Is Medicaid a bad idea?
That's what Tyler Cowen asks after reading a working paper from economists Amy Finkelstein, Nathaniel Hendren, and Erzo Luttmer. The paper is highly technical, but its headline finding is that a dollar in Medicaid spending doesn't lead to anything near a dollar in value for Medicaid beneficiaries.
It finds this two ways. First, if you test whether Medicaid users would pay the price of their Medicaid coverage if the government took it away, they say no. This makes some sense, as they are very poor, and one reason they have Medicaid is they don't have the money to buy insurance on their own.
The more interesting finding is the second one: if you look at where Medicaid's money goes, less of it than you might think goes to covering the uninsured — and more goes to paying back the people who are already covering the uninsured.
But the paper's conclusions are more complicated than that makes them sound. Read closely — and depending on your values — the paper either isn't saying anything very new, or it's arguing something quite radical: if Medicaid is overrated, it might be because all health insurance is overrated.
The main finding: the uninsured are kinda-insured
There's one fact that drives pretty much every other finding in Finkelstein's new paper: the poor and uninsured only pay about 20 percent of the cost of their medical care.
Who pays the rest? Finkelstein and her co-authors don't know. There's good evidence that a lot of it is borne by hospitals, who in turn pass it on to the government, the insured, and so on. But it's also likely that some of these costs are being borne by churches, charities, family members, etc.
Whoever is paying these bills, the result is that a lot of Medicaid spending ends up offsetting this pre-Medicaid spending. "We estimate that a substantial portion of the government's Medicaid spending — $0.6 on the dollar — represents a transfer to the providers of this implicit insurance," the researchers write.
It's perhaps easiest to explain this through example. Imagine John breaks his leg. If John is uninsured, his brother, Mike, pays for his medical care. But if John has Medicaid, then the government pays for his care.
John got medical care either way. So in this case, Medicaid's money actually didn't go to John so much as it went to his brother, because it was his brother who actually would have ended up paying the tab.
This doesn't always happen, of course — a lot of people without insurance simply go without necessary care, or they go into debt to get the care they need — but it happens a lot. It happens enough to drive pretty much every other finding in Finkelstein's paper. It's the main reason a dollar in Medicaid coverage isn't worth anything near a dollar in health care to Medicaid's beneficiaries.
What the paper doesn't tell us
First, the paper can't answer whether there are gains from giving people actual Medicaid insurance rather than leaving them to whatever patchwork, uncertain system of care they're using now. That is to say, it doesn't even try to estimate how much it's worth to be able to see a doctor when you need one, as opposed to when the situation is so dire you simply rush to the ER; it doesn't know how to value the long-term health benefits of stable care or the differences in the kind of care that the insured and the uninsured get; it has no formula for weighing what it means for John to be able to get treatment without begging his brother to lend him cash.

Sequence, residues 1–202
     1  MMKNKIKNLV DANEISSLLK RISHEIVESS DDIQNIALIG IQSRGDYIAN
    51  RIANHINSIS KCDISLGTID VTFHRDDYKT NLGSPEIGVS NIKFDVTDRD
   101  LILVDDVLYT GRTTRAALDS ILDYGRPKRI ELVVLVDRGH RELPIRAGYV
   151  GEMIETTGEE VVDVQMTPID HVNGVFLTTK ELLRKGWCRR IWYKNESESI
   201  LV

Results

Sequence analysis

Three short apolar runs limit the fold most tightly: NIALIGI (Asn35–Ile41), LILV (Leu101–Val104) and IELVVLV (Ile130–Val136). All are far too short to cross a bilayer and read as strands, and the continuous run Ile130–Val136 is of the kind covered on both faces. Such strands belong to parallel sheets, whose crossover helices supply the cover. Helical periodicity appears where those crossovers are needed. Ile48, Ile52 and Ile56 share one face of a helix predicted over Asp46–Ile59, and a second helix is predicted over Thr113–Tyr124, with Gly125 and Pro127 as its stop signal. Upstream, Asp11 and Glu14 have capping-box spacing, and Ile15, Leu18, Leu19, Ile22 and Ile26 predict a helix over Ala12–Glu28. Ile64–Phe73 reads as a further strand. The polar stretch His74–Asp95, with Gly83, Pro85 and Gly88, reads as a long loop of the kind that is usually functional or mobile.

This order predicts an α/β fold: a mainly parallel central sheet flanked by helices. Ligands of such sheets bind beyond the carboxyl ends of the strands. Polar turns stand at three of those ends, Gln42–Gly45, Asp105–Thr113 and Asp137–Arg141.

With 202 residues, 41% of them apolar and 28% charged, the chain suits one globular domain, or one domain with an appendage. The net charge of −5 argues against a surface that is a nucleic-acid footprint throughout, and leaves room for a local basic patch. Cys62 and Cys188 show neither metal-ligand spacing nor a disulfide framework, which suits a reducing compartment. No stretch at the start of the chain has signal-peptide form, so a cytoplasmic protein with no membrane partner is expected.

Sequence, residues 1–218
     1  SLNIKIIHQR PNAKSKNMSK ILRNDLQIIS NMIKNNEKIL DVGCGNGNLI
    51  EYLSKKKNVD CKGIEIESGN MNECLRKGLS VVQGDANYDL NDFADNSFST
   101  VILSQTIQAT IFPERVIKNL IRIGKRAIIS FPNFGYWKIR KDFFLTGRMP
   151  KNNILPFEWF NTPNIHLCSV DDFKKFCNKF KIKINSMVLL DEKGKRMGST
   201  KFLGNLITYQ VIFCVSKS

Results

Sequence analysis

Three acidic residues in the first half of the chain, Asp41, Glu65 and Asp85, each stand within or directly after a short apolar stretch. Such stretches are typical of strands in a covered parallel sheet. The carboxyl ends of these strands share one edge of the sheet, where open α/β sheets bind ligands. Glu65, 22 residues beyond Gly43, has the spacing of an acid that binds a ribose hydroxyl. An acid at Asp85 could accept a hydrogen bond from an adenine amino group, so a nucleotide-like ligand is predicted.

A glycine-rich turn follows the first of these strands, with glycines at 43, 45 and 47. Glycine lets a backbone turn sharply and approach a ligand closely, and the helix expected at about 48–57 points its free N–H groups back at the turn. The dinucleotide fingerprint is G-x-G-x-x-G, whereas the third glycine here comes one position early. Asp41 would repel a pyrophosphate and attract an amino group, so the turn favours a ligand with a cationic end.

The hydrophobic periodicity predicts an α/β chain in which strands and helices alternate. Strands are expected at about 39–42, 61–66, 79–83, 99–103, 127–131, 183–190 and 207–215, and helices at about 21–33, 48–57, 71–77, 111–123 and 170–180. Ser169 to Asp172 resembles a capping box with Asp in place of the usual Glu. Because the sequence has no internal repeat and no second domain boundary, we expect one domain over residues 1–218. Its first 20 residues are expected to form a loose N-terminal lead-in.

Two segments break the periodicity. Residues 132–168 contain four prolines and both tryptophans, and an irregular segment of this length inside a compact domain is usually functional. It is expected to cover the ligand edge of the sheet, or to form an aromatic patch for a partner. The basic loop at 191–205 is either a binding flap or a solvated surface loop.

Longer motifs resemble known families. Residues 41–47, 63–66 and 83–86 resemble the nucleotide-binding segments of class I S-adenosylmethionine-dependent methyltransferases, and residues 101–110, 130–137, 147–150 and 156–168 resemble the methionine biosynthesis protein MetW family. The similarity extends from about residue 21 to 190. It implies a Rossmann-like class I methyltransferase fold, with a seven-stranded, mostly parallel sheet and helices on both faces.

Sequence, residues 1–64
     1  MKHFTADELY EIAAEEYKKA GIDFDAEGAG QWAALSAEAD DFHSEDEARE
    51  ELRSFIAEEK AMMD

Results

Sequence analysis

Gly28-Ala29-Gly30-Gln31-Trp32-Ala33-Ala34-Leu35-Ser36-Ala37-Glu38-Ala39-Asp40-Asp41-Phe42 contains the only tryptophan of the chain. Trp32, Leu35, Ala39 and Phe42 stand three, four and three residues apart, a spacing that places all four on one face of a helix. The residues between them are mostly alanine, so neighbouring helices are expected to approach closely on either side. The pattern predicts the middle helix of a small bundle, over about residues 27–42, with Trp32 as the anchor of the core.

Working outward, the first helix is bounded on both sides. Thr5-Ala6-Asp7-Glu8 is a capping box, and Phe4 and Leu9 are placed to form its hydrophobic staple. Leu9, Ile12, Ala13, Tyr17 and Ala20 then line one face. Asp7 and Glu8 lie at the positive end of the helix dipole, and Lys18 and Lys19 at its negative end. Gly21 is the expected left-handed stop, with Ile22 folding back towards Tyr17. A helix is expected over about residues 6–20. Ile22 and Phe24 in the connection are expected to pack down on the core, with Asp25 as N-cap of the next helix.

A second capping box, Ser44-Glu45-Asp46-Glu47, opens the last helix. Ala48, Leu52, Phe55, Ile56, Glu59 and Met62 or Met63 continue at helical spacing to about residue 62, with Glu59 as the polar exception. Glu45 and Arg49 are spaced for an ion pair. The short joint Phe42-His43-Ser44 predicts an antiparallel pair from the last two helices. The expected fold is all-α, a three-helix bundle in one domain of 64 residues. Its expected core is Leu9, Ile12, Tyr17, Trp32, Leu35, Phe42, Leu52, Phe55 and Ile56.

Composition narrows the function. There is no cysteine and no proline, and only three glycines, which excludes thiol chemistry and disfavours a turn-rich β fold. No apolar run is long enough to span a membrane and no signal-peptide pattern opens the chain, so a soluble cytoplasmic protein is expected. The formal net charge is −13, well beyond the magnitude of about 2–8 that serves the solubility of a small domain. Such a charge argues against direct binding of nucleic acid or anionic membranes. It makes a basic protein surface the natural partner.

Second, there is real cost — in anxiety and terror, as well as in money — to families scrambling to come up with the money to pay for heart medication or chemotherapy. There's real cost to parents who need to beg their local church group to help pay for their child's medicine. How do we value the relief a family gets — both emotional and financial — of knowing a child can get the medical care he or she needs? This study can't measure that.
Third, the study can't test the value we, as a society, place on everyone being able to go to the doctor when they need medical care. As an example, Social Security offsets a certain amount of support children used to provide for their parents. So a dollar in Social Security is not worth a full dollar to Social Security's beneficiaries, because it partially replaces support they would have gotten anyway. But as a society, we've decided it's really, really important for the elderly to have guaranteed income, and we are willing to pay the cost of that guarantee.
Medicaid raises the same question. If we want to have a society where people can get the medical care they need, then Medicaid makes sense. If not, then perhaps it doesn't.
Why does anyone care about some random Medicaid paper?
To understand why this particular paper matters, there's a bit of academic context worth knowing. Its lead author, MIT economist Amy Finkelstein, is perhaps the most celebrated health economist in the country right now, having recently won the prestigious Clark Medal. And part of Finkelstein's celebrity comes from a massive experiment that underlies this paper, too.
The experiment had grim origins: Some years back, Oregon scrounged up the funds to add 10,000 residents to the state’s Medicaid program. The problem? There were 90,000 residents who qualified. So the state held a lottery, because that's apparently how we make life-and-death decisions in the United States of America.